Wootton’s Kind of ‘Town’

Wootton’s Kind of ‘Town’

Cappies Review

What do a cab driver, an anthropologist, and a poster girl have in common? They’re the love interests of three sailors let loose in New York for 24 hours in Betty Comden and Adolph Green’s "On the Town." And they were just three of the many delights in Wootton High School’s production of this classic musical.

The play, which opened on Broadway in 1944, was later turned into an MGM film starring Gene Kelly and Frank Sinatra. It is known for its lively comic dialogue and Leonard Bernstein’s memorable music.

Wootton’s production was anchored by vibrant voices. The cast, led by a number of outstanding star performers, worked together to deliver an evening of terrific entertainment.

Chip, Ozzie, and Gabey, the three sojourning sailors, were magnificently portrayed by Jared Albert, Justin Sun, and Matt Mooney. With songs like “New York, New York” and “Gabey’s Coming,” they carried the show without getting “Carried Away.” Mooney’s clear, lyrical voice juxtaposed with Sun and Albert’s comic actions made them a truly tremendous trio.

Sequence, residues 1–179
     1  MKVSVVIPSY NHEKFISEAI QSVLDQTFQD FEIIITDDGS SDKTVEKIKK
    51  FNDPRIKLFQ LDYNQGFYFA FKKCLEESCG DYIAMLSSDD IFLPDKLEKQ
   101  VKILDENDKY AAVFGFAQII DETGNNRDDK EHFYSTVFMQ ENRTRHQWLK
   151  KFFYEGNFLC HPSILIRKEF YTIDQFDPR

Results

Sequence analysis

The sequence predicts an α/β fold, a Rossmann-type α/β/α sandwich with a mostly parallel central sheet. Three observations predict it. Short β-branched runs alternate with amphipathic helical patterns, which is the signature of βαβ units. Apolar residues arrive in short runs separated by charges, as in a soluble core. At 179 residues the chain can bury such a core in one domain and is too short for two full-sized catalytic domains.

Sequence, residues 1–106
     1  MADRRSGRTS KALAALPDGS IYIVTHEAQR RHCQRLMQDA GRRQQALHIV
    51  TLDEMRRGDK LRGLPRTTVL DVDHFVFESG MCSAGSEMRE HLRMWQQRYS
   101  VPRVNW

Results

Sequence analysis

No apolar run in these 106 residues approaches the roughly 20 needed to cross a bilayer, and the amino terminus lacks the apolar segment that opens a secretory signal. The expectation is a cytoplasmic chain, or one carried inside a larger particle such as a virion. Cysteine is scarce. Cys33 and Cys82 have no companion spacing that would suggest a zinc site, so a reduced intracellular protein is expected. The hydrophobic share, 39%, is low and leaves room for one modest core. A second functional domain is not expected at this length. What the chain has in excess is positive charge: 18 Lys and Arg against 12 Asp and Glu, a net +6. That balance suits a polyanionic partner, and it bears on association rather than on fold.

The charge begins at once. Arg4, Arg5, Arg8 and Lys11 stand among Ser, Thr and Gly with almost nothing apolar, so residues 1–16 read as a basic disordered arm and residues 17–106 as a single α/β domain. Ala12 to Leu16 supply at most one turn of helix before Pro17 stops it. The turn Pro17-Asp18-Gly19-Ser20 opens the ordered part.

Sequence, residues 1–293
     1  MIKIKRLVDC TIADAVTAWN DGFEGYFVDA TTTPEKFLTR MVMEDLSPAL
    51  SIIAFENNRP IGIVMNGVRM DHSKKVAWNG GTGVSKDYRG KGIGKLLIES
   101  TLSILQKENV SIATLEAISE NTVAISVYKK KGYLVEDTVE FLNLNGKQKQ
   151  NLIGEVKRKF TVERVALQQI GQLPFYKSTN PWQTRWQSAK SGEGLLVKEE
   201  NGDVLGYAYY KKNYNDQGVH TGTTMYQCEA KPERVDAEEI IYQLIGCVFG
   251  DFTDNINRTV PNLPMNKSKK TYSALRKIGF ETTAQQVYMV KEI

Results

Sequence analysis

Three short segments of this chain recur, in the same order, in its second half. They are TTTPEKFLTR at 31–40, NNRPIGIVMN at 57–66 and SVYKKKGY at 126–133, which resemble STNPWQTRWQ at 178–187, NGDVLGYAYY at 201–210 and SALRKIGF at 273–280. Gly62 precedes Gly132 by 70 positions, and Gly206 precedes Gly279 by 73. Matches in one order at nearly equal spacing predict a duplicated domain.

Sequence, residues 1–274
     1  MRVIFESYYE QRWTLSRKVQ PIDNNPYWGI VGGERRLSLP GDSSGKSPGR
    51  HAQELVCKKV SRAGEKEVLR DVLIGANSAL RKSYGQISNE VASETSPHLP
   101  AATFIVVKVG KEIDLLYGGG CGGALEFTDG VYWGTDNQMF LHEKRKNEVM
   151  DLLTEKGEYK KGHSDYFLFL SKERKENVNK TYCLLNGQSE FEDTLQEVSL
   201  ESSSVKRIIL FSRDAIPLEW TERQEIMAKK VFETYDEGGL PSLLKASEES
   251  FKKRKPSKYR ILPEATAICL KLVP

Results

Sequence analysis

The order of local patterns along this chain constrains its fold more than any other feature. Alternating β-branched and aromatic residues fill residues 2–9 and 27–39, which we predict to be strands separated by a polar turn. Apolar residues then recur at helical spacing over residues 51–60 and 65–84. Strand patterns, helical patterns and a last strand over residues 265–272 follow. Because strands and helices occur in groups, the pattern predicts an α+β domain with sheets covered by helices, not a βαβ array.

Their charming love interests, Claire, Ivy, and Hildy, were played by Samantha Tempchin, Nellie Darling, and Meghan Keane, whose strong soprano voices and bright ballet movements made it easy to see why the sailors were so captivated by them. Ozzie, Claire, Chip, and Hildy combined in a carefree quartet on songs like “Ya Got Me” and the romantic, wistful “Some Other Time.”

Other performances well worth noting were delivered by Alex Marston as Pitkin, Claire’s sadly neglected fiancé, and Nevie Brooks as Lucy Schmeeler, Hildy’s incessantly sniffly roommate. Their comic reactions helped keep the play moving and the audience entertained.

Every musical needs the strong underpinning of a great orchestral accompaniment. Wootton’s pit orchestra provided a big, bright sound perfectly suited to the jazzy feel of the show.

The production’s visual elements worked to bring World War II-era New York to life. The city skyline, subway car, and night clubs, combined with clever period costumes, painted a captivating picture of the Big Apple in the 1940s. Despite a few glitches with the microphones, the sound designed by Cristina DeRisi underscored the actor’s voices and brought out the nearly perfect tones of the orchestra. Jeanie McAlpine’s lighting design helped emphasize the characters’ chemistry.

On the whole, Wootton’s energetic, joyful production left the audience smiling and echoing Gabey’s feeling that it’s “Lucky to Be Me.”

Cappies, the Critics and Awards Program for High School Theater, trains high school theater and journalism students as theater critics. They attend shows at each others’ schools, after which they write reviews of those shows under the guidance of teacher-mentors. See www.cappies.com/nca.